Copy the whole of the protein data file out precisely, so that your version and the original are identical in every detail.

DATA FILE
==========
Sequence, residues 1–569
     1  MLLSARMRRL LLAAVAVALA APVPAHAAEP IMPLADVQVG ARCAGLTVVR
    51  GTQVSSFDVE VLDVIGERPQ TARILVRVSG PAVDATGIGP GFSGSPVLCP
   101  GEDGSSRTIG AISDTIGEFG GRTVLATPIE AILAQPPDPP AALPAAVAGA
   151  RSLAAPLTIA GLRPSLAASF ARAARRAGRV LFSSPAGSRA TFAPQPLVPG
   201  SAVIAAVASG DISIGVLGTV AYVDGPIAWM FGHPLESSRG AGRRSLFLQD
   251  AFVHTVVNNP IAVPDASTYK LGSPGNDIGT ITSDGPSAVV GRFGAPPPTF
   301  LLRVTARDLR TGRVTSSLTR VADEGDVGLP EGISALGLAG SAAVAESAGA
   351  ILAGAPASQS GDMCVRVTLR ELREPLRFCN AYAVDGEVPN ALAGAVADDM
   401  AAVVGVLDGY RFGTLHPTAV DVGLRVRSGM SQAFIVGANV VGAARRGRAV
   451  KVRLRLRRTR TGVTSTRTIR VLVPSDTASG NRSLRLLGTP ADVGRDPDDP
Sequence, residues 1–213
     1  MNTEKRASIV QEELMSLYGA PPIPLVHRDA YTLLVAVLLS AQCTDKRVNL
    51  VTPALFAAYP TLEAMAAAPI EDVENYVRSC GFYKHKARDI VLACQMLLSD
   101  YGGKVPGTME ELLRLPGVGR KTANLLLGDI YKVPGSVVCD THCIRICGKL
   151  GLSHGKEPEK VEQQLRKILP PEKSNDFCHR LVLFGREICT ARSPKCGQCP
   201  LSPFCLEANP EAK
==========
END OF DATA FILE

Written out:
Sequence, residues 1–569
     1  MLLSARMRRL LLAAVAVALA APVPAHAAEP IMPLADVQVG ARCAGLTVVR
    51  GTQVSSFDVE VLDVIGERPQ TARILVRVSG PAVDATGIGP GFSGSPVLCP
   101  GEDGSSRTIG AISDTIGEFG GRTVLATPIE AILAQPPDPP AALPAAVAGA
   151  RSLAAPLTIA GLRPSLAASF ARAARRAGRV LFSSPAGSRA TFAPQPLVPG
   201  SAVIAAVASG DISIGVLGTV AYVDGPIAWM FGHPLESSRG AGRRSLFLQD
   251  AFVHTVVNNP IAVPDASTYK LGSPGNDIGT ITSDGPSAVV GRFGAPPPTF
   301  LLRVTARDLR TGRVTSSLTR VADEGDVGLP EGISALGLAG SAAVAESAGA
   351  ILAGAPASQS GDMCVRVTLR ELREPLRFCN AYAVDGEVPN ALAGAVADDM
   401  AAVVGVLDGY RFGTLHPTAV DVGLRVRSGM SQAFIVGANV VGAARRGRAV
   451  KVRLRLRRTR TGVTSTRTIR VLVPSDTASG NRSLRLLGTP ADVGRDPDDP
Sequence, residues 1–213
     1  MNTEKRASIV QEELMSLYGA PPIPLVHRDA YTLLVAVLLS AQCTDKRVNL
    51  VTPALFAAYP TLEAMAAAPI EDVENYVRSC GFYKHKARDI VLACQMLLSD
   101  YGGKVPGTME ELLRLPGVGR KTANLLLGDI YKVPGSVVCD THCIRICGKL
   151  GLSHGKEPEK VEQQLRKILP PEKSNDFCHR LVLFGREICT ARSPKCGQCP
   201  LSPFCLEANP EAK